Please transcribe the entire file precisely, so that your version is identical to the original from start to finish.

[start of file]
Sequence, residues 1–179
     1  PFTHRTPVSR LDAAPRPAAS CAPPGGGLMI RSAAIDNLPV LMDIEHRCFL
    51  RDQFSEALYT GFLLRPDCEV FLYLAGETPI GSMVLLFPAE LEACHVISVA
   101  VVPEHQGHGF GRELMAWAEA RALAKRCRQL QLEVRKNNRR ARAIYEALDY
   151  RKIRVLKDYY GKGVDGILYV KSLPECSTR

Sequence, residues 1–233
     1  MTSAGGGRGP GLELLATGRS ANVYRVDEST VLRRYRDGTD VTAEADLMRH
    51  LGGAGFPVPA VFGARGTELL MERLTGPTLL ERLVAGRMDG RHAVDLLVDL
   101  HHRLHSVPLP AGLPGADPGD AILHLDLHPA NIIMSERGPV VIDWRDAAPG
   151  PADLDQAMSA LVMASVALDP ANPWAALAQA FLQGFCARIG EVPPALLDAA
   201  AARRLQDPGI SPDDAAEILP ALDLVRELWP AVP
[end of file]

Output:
Sequence, residues 1–179
     1  PFTHRTPVSR LDAAPRPAAS CAPPGGGLMI RSAAIDNLPV LMDIEHRCFL
    51  RDQFSEALYT GFLLRPDCEV FLYLAGETPI GSMVLLFPAE LEACHVISVA
   101  VVPEHQGHGF GRELMAWAEA RALAKRCRQL QLEVRKNNRR ARAIYEALDY
   151  RKIRVLKDYY GKGVDGILYV KSLPECSTR

Sequence, residues 1–233
     1  MTSAGGGRGP GLELLATGRS ANVYRVDEST VLRRYRDGTD VTAEADLMRH
    51  LGGAGFPVPA VFGARGTELL MERLTGPTLL ERLVAGRMDG RHAVDLLVDL
   101  HHRLHSVPLP AGLPGADPGD AILHLDLHPA NIIMSERGPV VIDWRDAAPG
   151  PADLDQAMSA LVMASVALDP ANPWAALAQA FLQGFCARIG EVPPALLDAA
   201  AARRLQDPGI SPDDAAEILP ALDLVRELWP AVP